In the U.K., "General and basic knowledge, " at 63.0%, was given most. The other responses, in descending order, were "Better educational background and qualifications" (45.5%), "Work skills" (44.6%), "Improved my friendship with others" (40.2%), and "Specialized knowledge" (37.3%).
     In France, the responses, in descending order, were "General and basic knowledge" (66.9%), "Specialized knowledge" (57.4%), "Better educational background and qualifications" (45.3%), "Cultivated my talent" (44.6%), and "Work skills" (43.5%).

Table 2-2-1-1: Significance of going to school < CSV Data >
Table 2-2-1-1: Significance of going to school

A comparison with previous surveys on Japanese youth indicates that the percentages of all responses in this survey were higher than those of the previous survey.

Table 2-2-1-2: Significance of going to school (changes over the years) < CSV Data >
Table 2-2-1-2: Significance of going to school (changes over the years)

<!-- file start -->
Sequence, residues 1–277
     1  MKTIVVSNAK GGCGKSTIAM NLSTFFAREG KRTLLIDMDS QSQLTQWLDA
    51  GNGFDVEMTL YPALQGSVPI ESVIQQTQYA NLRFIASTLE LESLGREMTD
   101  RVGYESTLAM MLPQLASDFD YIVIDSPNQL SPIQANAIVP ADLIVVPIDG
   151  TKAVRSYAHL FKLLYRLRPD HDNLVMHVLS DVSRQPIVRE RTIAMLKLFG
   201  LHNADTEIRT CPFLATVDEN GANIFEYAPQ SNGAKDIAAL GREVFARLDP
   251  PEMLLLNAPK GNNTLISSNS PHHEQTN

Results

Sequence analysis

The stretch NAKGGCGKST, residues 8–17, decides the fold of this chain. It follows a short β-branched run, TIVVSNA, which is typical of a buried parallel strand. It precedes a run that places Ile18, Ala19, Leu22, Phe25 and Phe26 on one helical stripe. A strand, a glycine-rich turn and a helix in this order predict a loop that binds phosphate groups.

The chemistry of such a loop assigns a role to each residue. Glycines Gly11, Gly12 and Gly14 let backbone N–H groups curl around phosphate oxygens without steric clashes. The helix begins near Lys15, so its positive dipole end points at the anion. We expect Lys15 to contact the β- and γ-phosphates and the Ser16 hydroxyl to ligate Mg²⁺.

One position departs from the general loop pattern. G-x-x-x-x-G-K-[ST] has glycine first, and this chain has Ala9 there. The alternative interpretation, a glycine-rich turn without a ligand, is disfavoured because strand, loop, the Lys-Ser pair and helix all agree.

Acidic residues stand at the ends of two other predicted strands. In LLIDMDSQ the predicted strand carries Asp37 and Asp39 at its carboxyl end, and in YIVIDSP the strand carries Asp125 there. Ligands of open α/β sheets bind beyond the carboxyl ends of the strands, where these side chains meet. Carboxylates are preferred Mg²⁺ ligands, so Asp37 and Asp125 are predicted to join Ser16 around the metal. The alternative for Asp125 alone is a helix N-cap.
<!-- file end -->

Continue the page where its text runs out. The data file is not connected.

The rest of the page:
An analysis of Japanese youth by gender difference shows that there were no differences.

Table 2-2-1-3: Significance of going to school (by gender) < CSV Data >
Table 2-2-1-3: Significance of going to school (by gender)

A breakdown of Japanese youth by current school enrollment status shows that higher percentages of those enrolled in school than those not gave "Better educational background and qualifications" (those attending school: 61.4%; those who finished school: 48.6%), "Specialized knowledge" (same as above: 62.0%, 41.9%), and "Cultivated my talent" (same as above: 45.4%, 24.5%).

Table 2-2-1-4: Significance of going to school (by current school enrollment status) < CSV Data >
Table 2-2-1-4: Significance of going to school (by current school enrollment status)


Table 2-2-1-5: Significance of going to school [reference]: five-country comparison among those currently enrolled in school < CSV Data >
Table 2-2-1-5: Significance of going to school [reference]: five-country comparison among those currently enrolled in school


Table 2-2-1-6: Significance of going to school [reference]:
five-country comparison among those not currently enrolled in school < CSV Data >